Andy Lester started the “14 Ways” view of projects with: 14 Ways to Contribute to Open Source without Being a Programming Genius or a Rock Star.
Andy opened with:
Open source software has changed computing and the world, and many of you would love to contribute. Unfortunately, many people are daunted by what they imagine is a high barrier to entry into a project. I commonly hear people say that they’d love to contribute but can’t because of three reasons:
- “I’m not a very good programmer.”
- “I don’t have much time to put into it.”
- “I don’t know what project to work on.”
There are three core principles to remember as you look for opportunities to contribute:
- Projects need contributions from everyone of all skills and levels of expertise.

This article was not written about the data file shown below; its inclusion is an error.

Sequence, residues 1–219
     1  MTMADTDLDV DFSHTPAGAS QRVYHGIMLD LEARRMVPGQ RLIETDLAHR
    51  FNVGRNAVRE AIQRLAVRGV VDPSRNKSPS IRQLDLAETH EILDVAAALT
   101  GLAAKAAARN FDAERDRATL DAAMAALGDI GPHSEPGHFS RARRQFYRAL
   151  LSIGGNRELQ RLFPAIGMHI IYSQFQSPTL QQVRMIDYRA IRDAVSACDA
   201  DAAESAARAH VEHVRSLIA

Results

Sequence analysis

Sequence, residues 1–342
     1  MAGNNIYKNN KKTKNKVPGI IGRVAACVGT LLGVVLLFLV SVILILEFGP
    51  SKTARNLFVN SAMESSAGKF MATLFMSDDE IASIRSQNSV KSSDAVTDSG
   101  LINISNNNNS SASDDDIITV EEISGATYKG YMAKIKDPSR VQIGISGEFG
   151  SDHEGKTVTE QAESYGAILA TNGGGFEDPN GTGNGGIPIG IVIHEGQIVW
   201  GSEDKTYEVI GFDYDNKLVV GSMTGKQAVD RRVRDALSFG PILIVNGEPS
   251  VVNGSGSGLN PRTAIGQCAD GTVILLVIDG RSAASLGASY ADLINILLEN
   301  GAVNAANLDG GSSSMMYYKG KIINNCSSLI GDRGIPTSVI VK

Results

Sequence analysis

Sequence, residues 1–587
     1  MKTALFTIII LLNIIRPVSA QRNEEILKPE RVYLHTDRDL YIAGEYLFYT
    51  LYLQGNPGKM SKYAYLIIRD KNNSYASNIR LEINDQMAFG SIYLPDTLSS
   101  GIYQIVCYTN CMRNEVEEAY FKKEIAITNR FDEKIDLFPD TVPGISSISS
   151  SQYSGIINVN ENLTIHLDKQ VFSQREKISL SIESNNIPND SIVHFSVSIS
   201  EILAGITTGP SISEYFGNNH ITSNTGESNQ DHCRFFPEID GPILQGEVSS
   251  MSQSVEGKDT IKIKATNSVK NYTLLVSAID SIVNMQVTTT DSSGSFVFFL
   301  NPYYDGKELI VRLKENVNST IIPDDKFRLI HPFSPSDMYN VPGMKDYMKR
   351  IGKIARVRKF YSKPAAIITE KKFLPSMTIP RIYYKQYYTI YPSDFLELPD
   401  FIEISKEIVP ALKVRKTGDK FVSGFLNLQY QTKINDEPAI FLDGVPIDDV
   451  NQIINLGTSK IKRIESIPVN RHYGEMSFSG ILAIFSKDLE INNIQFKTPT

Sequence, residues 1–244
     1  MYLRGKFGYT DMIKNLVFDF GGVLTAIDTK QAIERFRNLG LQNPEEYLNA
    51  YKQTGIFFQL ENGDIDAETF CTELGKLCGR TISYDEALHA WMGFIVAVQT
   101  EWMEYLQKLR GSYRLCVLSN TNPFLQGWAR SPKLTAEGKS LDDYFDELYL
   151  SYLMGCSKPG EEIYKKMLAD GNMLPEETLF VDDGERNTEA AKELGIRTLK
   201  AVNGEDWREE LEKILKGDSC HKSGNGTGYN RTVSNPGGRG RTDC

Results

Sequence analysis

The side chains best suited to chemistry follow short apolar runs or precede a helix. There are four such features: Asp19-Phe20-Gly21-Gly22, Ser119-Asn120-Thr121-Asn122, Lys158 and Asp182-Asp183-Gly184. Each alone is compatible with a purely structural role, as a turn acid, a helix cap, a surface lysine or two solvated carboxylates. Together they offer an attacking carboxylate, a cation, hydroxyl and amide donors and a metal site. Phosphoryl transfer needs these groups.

- The smallest of contributions is still more than none.
- The best project to start working on is one that you use already.
The most damaging idea that I’ve observed among open source newbies is that to contribute to open source, you have to be some sort of genius programmer. This is not true. Certainly, there are those in the open source world who are seen as rock stars, and they may certainly be genius programmers. However, the vast majority of us are not. We’re just people who get stuff done. Sometimes we do a little, and sometimes we do a lot. Sometimes it’s programming, and sometimes it’s not.
Most of what makes open source work is actual work, time spent making things happen for the project. Most of these things don’t require the brains or vision of a Larry Wall, creator of Perl, or a David Heinemeier Hansson, creator of Rails. Designing a new language or a web framework may take inspiration, but the rest of what makes projects like Perl and Rails successful is perspiration. This work may not get all the glory, but it’s still necessary, and after a while, your contributions will get noticed.
What other projects merit a “14 Ways” post?